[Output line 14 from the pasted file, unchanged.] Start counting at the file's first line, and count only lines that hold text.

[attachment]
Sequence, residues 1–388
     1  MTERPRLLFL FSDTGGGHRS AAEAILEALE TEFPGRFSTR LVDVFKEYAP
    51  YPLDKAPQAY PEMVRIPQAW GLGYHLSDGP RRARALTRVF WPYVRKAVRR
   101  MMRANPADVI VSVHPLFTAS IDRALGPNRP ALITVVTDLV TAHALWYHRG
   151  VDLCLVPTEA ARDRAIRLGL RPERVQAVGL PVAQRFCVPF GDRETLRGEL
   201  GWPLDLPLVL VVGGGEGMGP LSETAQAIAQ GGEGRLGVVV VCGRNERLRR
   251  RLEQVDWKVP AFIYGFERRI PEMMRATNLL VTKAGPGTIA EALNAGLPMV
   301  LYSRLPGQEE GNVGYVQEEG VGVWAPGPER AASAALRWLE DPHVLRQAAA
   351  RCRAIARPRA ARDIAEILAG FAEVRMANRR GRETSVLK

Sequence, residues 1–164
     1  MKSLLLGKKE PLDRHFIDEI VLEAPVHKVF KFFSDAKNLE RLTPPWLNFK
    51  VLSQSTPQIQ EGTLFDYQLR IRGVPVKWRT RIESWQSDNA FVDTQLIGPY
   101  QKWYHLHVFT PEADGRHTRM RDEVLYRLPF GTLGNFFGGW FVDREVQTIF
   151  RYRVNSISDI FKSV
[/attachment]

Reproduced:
   151  RYRVNSISDI FKSV